Friday, April 29, 2016

Follow Your Bliss


I'm a lucky girl. I've had the opportunity to pursue numerous passions in my life. I’m happiest when I have a sense of purpose—a pursuit (or two or three) that embodies my values, beliefs, and abilities—that gives me a sense of meaning. 

A bliss. 

My background is a combination of pursuits with obvious interests in biology and psychology. I have a Masters degree in counseling. But I only used it “in the field” for a couple years before we moved and started a family.  

I can't help but wonder... Where would I be if I hadn’t gone that direction? What if I’d followed a different fork in the road at any of the numerous places where it, well, forked. ;)

I love being a writer. The flexibility, challenge, and adventure of it. But sometimes I wonder what I’d be doing if I wasn’t a stay-at-home mother of three and a writer. And if I didn’t have a husband who’s source of income was steady enough to allow me to follow my bliss.

When I look back, everything I pursued was to make other people happier and/or healthier. That was my goal. At one time, I wanted to be a physical therapist. But when I volunteered at a hospital, just to try it on for size, I didn’t think I had the forcefulness to push people past their limits as well as the energy to be a constant cheerleader. It just didn’t fit my personality. 

At another time, I wanted to be a doctor, but the hours and lack of sleep weren't appealing. And then there was the likelihood of incurring financial debt for several more years of school.

A profiler? That was a dream at one time. If I’m honest, it still is, though I know I’d most likely never want to go through that much schooling again. It's not that I feel I'm too old (okay, maybe a little bit), but it would take up a large chunk of time I currently devote to my other passions—family and writing.

A life coach? That’s my latest interest. Apparently there’s a certification process. It’s a career that involves helping people—helping them find their own bliss, in fact. And that sounds pretty awesome. 

But with the kids still at home, I’m thinking writer is still the best choice for me. Besides, in what other job can I explore all of these other careers vicariously, through my characters? Still, who knows what the future will bring? 


If you were to follow a new dream, what would it be and why?

Wednesday, April 27, 2016

NATIONAL POETRY MONTH





Shall I compare thee to a summer’s day?
Thou art more lovely and more temperate.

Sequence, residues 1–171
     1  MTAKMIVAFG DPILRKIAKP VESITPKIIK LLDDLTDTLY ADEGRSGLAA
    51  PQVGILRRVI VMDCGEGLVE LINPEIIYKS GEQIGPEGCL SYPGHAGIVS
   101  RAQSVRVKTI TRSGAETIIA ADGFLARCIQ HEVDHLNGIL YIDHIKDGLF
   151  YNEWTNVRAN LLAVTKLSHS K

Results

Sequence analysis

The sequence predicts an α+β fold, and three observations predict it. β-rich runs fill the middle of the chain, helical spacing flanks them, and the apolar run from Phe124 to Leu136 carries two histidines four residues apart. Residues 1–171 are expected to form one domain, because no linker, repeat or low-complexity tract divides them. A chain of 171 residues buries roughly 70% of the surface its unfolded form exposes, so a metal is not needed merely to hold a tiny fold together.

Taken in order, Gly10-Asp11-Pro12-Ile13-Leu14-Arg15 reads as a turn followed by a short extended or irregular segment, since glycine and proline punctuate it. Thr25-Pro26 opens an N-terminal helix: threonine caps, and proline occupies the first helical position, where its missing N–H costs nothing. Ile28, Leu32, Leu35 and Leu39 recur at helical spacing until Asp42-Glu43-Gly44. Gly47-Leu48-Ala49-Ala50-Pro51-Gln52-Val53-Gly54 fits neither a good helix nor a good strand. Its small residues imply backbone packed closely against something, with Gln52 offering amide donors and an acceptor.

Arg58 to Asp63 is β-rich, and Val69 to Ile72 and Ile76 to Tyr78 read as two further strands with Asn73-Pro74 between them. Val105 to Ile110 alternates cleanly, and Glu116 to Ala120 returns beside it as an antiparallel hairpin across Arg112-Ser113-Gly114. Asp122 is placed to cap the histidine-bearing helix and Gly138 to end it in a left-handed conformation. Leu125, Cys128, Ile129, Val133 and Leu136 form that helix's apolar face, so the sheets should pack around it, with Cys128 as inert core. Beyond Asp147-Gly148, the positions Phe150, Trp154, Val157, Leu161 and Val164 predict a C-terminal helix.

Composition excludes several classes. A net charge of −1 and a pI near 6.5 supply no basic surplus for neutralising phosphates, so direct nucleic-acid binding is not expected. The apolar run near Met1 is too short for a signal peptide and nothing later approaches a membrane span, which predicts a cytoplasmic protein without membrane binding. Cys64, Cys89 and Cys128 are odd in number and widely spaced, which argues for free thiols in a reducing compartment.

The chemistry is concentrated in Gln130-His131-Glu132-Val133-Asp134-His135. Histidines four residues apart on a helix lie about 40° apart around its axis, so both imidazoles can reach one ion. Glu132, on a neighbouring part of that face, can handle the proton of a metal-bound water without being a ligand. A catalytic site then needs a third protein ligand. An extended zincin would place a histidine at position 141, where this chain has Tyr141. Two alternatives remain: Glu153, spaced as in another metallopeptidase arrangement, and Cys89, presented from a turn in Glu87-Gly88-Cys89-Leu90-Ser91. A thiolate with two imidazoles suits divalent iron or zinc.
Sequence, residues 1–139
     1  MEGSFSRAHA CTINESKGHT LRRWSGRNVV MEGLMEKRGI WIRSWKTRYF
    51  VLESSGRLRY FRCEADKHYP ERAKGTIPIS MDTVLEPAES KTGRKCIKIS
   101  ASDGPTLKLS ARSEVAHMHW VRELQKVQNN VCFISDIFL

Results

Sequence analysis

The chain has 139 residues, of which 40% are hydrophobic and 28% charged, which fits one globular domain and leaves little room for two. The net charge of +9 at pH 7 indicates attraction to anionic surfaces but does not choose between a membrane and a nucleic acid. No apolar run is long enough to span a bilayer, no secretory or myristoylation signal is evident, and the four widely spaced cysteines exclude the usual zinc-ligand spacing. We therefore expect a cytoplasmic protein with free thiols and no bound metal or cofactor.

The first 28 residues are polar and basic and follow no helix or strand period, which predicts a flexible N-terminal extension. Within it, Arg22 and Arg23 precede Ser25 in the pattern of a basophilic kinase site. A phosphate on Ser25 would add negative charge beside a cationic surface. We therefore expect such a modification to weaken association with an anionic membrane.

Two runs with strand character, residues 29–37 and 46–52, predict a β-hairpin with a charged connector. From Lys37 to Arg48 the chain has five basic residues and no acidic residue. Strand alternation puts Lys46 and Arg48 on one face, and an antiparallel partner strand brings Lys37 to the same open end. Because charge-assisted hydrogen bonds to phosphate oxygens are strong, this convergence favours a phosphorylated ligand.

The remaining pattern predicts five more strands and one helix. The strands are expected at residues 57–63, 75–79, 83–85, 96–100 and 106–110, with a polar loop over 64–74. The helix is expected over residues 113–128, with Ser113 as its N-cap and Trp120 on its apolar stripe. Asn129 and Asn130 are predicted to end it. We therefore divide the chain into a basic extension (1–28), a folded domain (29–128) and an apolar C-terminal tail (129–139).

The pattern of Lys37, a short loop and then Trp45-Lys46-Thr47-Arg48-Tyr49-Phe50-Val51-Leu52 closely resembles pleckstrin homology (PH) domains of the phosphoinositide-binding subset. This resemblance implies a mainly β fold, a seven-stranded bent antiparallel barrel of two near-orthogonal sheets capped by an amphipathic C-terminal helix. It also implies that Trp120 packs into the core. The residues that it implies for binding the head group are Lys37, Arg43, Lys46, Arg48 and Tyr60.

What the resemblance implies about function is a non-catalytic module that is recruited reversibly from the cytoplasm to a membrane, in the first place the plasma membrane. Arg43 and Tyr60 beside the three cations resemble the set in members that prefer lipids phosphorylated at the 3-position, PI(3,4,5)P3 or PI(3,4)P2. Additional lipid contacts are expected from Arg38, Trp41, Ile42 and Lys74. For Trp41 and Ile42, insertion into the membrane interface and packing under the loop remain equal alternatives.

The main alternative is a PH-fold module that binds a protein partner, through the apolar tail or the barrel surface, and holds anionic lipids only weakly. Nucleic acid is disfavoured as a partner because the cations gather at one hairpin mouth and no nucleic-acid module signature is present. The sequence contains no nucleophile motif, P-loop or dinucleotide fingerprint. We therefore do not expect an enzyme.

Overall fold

Rough winds do shake the darling buds of May.
And summer’s lease hath all too short a day.


     It’s National Poetry Month and time to muse about poets who wrote plays and novels. First and foremost is William Shakespeare who is thought to have trod the boards in London and written for about five years before the theaters were closed in Southwark by the Privy Council in 1592. A ruthless epidemic of the dreaded plague had struck; the council feared mayhem would erupt amongst the citizens. The council’s order was extended and the theaters did not reopen until 1594. Shakespeare joined the Lord Chamberlain’s Men changed to the King’s Men in 1603.
     By 1592, Shakespeare was well-known as the author of dramatic plays but the esteem accorded the plays went to the theatrical company. His name first appeared on the title page of Richard II and Romeo and Juliet in 1597. When the theaters closed, Shakespeare turned to writing dramatic poems such as Venus and Adonis dedicated to Henry Wriothesley, the third Earl of Southampton who became his patron, there were fifteen editions before 1640. He penned thirty plays and more than one hundred sonnets. 


     The Bronte family had writing in their DNA. Sisters Emily, Charlotte, Anne and brother Branwell all told tales, read extensively, wrote, and during childhood created a fantasy kingdom and island motivated by Branwell’s toy soldiers. Emily Bronte is best-known for Wuthering Heights, published in 1847, but her first piece is a poem titled “No coward soul is mine.”  The poem, part of collection of three poems was privately published one year earlier and written by Currer, Ellis and Acton (the male pseudonyms of the three Bronte sisters). Emily began a second novel but in 1848, she died of tuberculosis and the manuscript was destroyed.


     Thomas Hardy’s mother was responsible for his education. She favored Latin poets and French romances. He began to write poems at the age of twenty-two, enjoyed Shakespeare, art and opera but worked for an architectural firm. He met Emma Lavinia Gifford who encouraged his work and he began to believe literature was his proper calling.
     Hardy, unable to find a readership for his poetry—his first collection was published in 1898—was advised to write a novel. His first, The Poor Man and the Lady, written in 1867, was rejected by so many publishers he destroyed it. He gained an audience with Far From the Madding Crowd in 1874 and realized he could now give himself a life as a writer.
     He wrote Tess of the D’Ubervilles in1891 and Jude the Obscure in 1895 and both books with their unconventional morality shocked critics and his public in that Victorian period. His marriage suffered and it was rumored he had affairs. Hardy said he would never write another novel and began to publish several collections of poems. His novels and poems were influenced by romanticism.